You may notice some of the effects of stress immediately, but there are some subtle changes, such as an increase in weight, that might not be visible immediately.
Whenever you are under stress, your body responds by increasing the production of cortisol, which is a stress hormone that is released by the adrenal glands in response to a perceived threat by your body. The increasing levels of this hormone prepare your body to ‘fight or flee.’ When the body no longer recognizes a threat, the cortisol levels go back to being normal again.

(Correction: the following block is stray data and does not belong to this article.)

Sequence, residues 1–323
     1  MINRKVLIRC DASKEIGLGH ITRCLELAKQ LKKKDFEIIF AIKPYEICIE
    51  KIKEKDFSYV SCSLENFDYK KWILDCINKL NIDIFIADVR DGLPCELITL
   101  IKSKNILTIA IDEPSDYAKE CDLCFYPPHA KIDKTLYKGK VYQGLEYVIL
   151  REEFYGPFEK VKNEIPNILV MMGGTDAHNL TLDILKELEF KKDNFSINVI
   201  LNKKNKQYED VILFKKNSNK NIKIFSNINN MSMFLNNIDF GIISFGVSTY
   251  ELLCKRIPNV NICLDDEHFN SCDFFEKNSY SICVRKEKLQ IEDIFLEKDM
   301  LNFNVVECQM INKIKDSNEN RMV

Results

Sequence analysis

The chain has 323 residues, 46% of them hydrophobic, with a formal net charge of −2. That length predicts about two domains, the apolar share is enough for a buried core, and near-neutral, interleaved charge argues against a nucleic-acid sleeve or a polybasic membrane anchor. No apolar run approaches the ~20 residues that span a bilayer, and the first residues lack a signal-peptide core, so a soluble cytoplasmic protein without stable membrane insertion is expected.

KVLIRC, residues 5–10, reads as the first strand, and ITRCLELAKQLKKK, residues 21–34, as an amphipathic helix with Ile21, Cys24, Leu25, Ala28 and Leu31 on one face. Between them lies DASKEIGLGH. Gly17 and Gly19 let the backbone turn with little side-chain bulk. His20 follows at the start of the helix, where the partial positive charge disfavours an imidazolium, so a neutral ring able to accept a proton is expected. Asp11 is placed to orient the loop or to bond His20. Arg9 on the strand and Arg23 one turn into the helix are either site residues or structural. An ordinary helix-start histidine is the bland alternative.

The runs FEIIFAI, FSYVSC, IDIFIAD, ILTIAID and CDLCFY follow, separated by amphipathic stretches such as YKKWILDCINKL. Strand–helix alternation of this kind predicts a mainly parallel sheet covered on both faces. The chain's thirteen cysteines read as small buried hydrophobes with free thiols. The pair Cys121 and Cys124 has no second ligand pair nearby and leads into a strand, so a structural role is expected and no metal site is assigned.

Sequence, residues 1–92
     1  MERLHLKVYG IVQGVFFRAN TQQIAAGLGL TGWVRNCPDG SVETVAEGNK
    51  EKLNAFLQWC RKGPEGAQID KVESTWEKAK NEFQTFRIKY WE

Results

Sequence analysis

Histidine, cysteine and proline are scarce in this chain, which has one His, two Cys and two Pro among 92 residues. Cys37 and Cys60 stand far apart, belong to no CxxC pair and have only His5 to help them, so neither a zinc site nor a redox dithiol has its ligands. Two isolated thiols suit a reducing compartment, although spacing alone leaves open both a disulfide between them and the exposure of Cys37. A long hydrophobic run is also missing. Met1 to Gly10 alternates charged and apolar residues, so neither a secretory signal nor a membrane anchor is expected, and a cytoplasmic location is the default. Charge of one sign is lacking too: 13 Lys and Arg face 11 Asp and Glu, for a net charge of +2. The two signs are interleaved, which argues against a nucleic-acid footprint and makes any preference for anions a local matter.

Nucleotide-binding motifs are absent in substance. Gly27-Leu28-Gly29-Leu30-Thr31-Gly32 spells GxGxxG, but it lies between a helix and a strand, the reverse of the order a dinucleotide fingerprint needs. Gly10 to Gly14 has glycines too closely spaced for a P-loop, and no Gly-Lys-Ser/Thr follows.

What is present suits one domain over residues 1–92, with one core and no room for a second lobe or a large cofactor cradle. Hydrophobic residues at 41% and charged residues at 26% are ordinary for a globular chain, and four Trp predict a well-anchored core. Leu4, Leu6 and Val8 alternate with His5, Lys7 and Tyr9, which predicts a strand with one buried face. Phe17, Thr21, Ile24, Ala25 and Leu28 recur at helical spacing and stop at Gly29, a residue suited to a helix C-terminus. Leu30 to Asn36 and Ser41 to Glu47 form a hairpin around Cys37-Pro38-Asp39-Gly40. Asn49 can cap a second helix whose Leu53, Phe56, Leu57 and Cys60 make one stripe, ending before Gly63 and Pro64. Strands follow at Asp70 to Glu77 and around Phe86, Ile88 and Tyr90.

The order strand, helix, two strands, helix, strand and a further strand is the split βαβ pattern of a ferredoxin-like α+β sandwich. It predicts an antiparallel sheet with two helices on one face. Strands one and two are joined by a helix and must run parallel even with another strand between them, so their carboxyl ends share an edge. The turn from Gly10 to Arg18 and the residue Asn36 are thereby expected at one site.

However, if you are always under stress, then this is going to eventually lead to overexposure to cortisol, which becomes a problem as cortisol is known to act as a major appetite stimulant. This is the reason why so many people end up responding to stress by eating comfort food. As a result of this, high levels of cortisol in the body for a prolonged period of time is known to be associated with obesity.(2)
What makes this cycle even worse is that the excess amount of calories that get consumed when the body’s cortisol levels are at a perpetual high start getting deposited around the midsection of your body.